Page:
||Dr. Ilia J. Leitch, Prof. Andrew R. Leitch, Genome Size Diversity and Evolution in Land Plants, Plant Genome Diversity Volume 2, 2013, pp 307-322 p.308 right column 2nd paragraph
||Kenrick P, Crane PR (1997) The origin and early evolution of plants on land. Nature 389: 33–39 & Rensing SA, Lang D, Zimmer AD, Terry A, Salamov A et al (2008) The Physcomitrella genome reveals evolutionary insights into the conquest of land by plants. Science 319: 64–69PubMed ID18079367
||"Land plants first began to diverge around 450–460 million years ago (Mya) during the middle Ordovician (primary sources) and have since diversified
into four major groups: (1) the non-vascular bryophytes which comprise liverworts, mosses and hornworts, (2) the lycophytes, considered to be the first vascular plants to evolve and are sister to the remaining vascular plants
(3) the monilophytes comprising marattioid and leptosporangiate ferns, horsetails (Equisetum), whisk ferns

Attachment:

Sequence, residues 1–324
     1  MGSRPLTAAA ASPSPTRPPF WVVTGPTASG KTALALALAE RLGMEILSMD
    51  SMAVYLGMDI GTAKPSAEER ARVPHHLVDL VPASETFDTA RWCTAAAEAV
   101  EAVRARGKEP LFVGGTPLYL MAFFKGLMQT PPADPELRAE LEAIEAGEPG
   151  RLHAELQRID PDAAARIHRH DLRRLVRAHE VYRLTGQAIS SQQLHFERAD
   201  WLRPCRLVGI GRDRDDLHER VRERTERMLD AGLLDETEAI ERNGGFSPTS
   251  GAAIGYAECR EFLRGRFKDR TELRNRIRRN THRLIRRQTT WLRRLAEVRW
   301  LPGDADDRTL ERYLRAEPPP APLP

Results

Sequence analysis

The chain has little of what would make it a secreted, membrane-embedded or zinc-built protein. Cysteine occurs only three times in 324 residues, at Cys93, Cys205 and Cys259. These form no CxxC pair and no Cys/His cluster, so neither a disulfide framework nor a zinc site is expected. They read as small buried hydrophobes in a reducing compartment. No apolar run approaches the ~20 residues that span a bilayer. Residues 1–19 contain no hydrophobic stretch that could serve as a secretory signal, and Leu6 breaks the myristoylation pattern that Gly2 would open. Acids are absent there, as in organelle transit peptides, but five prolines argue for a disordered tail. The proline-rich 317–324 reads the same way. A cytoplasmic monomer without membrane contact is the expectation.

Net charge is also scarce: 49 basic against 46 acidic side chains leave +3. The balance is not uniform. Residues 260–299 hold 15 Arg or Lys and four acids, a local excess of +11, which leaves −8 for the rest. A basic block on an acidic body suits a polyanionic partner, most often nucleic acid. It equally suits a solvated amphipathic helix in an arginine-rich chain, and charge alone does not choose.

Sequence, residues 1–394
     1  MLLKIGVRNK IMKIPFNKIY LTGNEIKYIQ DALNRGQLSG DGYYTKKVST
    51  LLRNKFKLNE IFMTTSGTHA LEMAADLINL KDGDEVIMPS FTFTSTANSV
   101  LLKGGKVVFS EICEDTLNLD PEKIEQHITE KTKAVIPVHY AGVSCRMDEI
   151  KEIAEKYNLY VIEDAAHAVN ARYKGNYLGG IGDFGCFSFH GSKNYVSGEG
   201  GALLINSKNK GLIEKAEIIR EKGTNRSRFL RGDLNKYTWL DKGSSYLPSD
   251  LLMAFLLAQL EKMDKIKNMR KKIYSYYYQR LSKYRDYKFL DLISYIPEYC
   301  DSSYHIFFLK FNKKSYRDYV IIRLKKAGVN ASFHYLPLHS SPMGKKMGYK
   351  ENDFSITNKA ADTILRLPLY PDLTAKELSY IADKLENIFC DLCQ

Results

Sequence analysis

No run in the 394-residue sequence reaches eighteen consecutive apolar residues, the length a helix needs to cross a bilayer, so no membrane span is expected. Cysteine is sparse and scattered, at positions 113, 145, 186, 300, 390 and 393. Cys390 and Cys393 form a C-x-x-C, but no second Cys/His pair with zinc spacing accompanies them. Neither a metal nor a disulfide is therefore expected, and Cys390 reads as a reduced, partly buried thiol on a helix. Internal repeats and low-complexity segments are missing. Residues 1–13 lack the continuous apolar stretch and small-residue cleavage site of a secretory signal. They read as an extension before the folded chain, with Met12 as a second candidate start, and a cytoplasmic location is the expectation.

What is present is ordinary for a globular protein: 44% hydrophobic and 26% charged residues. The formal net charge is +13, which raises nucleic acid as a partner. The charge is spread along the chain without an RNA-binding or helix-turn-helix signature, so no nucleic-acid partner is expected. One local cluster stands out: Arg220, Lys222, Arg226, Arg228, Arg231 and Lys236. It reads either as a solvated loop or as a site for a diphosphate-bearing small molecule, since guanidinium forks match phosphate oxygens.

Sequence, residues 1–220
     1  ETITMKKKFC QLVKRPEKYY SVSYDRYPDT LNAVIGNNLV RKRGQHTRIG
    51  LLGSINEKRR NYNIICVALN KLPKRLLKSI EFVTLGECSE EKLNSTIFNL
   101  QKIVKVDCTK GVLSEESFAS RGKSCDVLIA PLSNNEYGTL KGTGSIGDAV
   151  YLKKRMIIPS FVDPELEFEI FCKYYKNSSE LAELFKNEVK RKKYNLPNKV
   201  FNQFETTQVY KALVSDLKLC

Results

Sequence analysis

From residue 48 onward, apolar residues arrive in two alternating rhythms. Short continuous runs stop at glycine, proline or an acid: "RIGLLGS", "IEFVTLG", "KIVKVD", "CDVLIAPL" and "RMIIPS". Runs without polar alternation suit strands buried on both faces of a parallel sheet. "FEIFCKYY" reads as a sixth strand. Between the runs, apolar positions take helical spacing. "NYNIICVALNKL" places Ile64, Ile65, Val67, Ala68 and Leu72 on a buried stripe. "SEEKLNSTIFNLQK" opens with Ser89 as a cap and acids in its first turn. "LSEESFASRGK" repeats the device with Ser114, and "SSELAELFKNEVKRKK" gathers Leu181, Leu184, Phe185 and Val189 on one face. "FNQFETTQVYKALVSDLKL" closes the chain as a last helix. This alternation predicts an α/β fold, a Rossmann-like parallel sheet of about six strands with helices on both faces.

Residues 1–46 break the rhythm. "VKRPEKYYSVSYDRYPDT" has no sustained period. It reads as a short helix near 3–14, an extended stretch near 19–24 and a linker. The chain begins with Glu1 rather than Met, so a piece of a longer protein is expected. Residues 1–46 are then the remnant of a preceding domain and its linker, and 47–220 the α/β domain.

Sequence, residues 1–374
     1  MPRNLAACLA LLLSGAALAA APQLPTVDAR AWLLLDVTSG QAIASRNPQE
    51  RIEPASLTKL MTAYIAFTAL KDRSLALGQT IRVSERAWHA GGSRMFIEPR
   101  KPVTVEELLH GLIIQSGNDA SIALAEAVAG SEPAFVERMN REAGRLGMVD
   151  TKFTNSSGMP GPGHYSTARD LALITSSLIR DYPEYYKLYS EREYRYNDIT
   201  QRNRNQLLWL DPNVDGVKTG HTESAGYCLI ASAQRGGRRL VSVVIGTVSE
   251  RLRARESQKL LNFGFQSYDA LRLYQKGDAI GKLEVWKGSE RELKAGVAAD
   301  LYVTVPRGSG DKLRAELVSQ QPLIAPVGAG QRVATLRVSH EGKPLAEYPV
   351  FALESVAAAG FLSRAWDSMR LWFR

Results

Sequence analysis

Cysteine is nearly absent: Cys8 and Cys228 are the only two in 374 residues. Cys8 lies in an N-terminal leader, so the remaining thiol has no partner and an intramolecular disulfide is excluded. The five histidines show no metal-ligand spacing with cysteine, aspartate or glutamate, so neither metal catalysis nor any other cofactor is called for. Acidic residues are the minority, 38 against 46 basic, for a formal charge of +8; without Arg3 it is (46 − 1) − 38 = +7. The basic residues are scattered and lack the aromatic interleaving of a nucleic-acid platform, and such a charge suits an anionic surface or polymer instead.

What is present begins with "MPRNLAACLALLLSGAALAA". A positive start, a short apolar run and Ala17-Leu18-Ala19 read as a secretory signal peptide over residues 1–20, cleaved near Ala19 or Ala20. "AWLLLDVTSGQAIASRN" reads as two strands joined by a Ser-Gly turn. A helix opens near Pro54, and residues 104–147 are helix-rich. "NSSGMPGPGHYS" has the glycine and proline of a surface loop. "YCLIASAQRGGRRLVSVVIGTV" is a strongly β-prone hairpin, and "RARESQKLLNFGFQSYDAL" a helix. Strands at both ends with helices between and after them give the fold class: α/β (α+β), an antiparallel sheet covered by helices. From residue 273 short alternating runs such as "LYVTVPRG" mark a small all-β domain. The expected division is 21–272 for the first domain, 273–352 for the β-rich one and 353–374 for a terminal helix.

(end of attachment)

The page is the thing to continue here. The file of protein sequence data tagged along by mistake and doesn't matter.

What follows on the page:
(Psilotum, Tmesipteris) and ophioglossoid ferns (e.g., Ophioglossum, Botrychium) and (4) the seed plants comprising angiosperms and gymnosperms." See Pannell 2017 PMID 28267976 p.R192 left column bottom paragraph: "The evolution of sexual reproduction constituted a major transition in the evolution of life, and occurred well before plants first ventured onto land some 470 million years ago." See Ishizaki 2017 PMID 27595342 p.73 left column 2nd paragraph: "The colonization of land by plants, which may have started as early as the Middle Ordovician period, approximately 470 Ma, resulted in the establishment of habitable environments on land, and thus promoted an enormous increase in the complexity of terrestrial ecosystems (ref 1)."